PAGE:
When ripples and dimples appear on our thighs or butt, it’s easy to quickly assume it’s cellulite. However, experts warn that what may look like cellulite could actually just be skin laxity. Both are common conditions that can appear similar on the surface, but the way you treat them varies a bit. To help us understand the difference between cellulite and skin laxity, experts broke down the cause of each condition and how to tell them apart.
What is the difference between cellulite and skin laxity?
Deciphering whether you have skin laxity or cellulite “can be tricky at first sight on the buttocks and thighs,” admits Campbell, CA dermatologist Amelia K. Hausauer, MD. However, the two conditions come from different causes.
“Skin laxity is something most women experience, especially as the skin thins with age, if the skin has sun damage, or after significant weight loss,” says Chicago, Illinois plastic surgeon and Avéli provider Laurie Casas, MD. Dr. Hausauer explains that skin laxity results from a “breakdown in collagen and elastin which causes the skin to fold or crepe often appearing like indentations or lines.” The loss of elasticity is what causes the thin ripples or linear banding, and it’s commonly found on the side of the butt, on the thighs and above the knees, says Dr. Casas.
On the other hand, cellulite has “true tiny tethering bands that create the pincushion effect of dimples,” says Dr. Hausauer. According to Dr. Casas, “One of the primary causes of cellulite is the tethering of the connective tissue under the skin, called fibrous septa.”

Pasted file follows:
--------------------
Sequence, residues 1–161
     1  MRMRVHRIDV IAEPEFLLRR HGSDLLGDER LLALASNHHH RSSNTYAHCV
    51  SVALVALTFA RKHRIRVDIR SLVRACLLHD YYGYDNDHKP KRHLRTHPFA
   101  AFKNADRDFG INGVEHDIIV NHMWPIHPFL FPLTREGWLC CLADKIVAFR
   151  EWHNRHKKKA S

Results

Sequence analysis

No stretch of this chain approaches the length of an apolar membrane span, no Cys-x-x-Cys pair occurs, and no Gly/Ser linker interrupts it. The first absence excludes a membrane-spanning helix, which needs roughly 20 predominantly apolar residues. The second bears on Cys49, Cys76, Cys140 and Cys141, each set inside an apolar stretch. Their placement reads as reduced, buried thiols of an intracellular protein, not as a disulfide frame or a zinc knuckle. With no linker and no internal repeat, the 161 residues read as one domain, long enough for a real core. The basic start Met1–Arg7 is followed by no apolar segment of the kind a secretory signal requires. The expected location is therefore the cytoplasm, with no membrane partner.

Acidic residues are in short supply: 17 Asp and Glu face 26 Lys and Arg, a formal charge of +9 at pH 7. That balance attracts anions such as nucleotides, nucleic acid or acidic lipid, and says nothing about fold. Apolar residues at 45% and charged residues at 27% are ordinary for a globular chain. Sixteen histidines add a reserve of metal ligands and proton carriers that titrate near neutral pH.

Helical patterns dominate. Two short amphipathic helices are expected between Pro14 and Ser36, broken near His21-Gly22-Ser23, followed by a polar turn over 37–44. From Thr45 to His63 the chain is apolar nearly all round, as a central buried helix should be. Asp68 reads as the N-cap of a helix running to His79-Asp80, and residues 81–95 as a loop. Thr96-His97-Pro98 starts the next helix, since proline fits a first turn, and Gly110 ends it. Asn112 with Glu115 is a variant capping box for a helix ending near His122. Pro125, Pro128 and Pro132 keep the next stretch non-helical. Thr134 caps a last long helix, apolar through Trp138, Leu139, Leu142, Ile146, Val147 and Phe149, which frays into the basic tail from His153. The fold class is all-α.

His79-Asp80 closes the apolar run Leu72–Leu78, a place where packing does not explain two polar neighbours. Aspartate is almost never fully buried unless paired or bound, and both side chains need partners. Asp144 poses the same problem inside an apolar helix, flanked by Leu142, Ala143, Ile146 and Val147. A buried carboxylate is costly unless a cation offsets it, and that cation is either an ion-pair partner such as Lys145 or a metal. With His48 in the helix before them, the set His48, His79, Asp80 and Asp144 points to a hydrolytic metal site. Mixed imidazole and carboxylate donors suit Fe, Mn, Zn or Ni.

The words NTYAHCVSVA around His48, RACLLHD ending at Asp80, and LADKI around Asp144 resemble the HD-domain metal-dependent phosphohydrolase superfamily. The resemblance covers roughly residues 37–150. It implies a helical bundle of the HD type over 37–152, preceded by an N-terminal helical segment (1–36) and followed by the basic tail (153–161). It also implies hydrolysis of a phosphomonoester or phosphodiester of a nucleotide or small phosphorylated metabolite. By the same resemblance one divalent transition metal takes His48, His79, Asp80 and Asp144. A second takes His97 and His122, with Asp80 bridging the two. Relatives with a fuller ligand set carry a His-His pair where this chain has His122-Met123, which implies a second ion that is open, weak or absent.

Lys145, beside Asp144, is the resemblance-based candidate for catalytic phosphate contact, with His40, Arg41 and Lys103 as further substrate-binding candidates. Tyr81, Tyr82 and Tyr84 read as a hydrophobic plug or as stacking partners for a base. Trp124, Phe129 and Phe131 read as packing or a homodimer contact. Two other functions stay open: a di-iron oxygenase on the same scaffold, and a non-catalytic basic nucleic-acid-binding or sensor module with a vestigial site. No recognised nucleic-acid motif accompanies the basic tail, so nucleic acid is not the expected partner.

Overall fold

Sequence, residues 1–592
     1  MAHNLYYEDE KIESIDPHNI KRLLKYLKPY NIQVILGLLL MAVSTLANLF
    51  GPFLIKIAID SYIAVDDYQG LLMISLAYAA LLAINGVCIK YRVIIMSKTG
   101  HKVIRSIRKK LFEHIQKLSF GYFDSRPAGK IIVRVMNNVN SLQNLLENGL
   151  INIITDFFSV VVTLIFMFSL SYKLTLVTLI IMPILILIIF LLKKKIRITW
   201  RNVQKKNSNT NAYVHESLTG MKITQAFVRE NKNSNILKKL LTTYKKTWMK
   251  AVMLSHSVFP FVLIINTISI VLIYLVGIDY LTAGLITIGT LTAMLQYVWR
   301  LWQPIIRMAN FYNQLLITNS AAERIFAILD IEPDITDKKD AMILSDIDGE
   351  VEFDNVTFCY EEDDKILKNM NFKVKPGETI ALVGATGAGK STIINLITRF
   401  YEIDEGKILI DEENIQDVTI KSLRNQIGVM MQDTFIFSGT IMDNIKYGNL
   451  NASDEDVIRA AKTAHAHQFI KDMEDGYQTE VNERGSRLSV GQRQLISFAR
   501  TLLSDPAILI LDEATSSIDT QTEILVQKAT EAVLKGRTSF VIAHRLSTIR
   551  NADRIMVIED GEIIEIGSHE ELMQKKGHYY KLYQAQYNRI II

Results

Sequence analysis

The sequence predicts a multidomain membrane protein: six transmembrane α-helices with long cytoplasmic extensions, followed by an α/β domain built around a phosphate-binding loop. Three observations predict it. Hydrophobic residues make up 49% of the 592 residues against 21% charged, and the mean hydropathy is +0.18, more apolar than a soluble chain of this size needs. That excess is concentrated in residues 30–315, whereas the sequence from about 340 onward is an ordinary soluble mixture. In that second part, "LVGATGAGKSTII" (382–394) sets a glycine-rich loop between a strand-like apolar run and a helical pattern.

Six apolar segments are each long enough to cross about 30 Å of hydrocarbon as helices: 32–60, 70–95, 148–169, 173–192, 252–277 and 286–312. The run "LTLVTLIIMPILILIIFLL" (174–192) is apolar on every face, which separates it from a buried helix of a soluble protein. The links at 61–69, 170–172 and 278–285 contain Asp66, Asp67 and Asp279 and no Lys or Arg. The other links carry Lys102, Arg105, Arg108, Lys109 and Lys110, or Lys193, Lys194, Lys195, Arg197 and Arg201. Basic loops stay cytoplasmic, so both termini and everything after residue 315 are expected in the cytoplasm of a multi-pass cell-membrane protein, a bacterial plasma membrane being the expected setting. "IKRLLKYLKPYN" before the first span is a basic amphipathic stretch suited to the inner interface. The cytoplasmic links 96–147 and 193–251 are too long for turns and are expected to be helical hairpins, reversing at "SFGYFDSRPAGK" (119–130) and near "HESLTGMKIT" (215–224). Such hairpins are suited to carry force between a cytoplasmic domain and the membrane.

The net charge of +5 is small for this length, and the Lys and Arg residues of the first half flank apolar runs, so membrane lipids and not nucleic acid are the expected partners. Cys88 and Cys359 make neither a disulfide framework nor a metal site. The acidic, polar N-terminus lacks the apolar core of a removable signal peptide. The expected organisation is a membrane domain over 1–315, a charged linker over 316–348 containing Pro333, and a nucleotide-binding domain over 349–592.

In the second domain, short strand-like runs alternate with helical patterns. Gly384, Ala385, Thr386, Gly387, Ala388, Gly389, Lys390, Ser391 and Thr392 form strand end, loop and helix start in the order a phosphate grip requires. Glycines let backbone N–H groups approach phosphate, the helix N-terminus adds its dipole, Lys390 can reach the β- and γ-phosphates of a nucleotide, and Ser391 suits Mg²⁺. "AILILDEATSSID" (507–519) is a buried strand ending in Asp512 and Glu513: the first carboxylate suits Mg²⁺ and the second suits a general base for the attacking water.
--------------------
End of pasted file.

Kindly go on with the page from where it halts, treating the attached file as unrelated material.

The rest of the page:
Pull your skin
“To differentiate between skin laxity and true dimples caused by septae, one can pull up the skin,” above the indentation, says Houston, TX plastic surgeon Olga Bachilo, MD. “If dimpling completely disappears, it’s most likely due to skin laxity. If some dimpling remains,” it’s likely cellulite.
Consider your history
“It’s not all that easy to distinguish the difference between cellulite and skin laxity,” says Delray Beach, FL dermatologist Dr. Janet Allenby. “The history of the patient, like advanced age, previous surgery (such as liposuction), sun exposure history will definitely help as these are usually more commonly seen in skin laxity patients.”
Examine skin’s appearance
According to Dr. Allenby, “Skin laxity is more dry appearing while the skin seems fuller although dimpled with true cellulite.” However, she notes that “there is probably a combination of both in a fair number of patients.”
Look at the edges
Dr. Casas says looking at the edges of the dimples can help decipher which condition is causing them. “Cellulite depressions caused by shortened or stiffened septa, whether they are circular, linear, or irregular, can be identified by their defined edges,” she explains.